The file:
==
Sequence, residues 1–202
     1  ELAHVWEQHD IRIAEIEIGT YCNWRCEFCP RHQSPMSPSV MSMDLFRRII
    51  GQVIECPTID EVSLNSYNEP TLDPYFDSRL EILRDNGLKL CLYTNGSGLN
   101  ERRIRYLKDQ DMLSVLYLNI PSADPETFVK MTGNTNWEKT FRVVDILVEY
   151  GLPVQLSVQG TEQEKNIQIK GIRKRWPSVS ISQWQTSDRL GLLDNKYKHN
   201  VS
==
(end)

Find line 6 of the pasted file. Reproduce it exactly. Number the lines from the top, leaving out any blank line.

   201  VS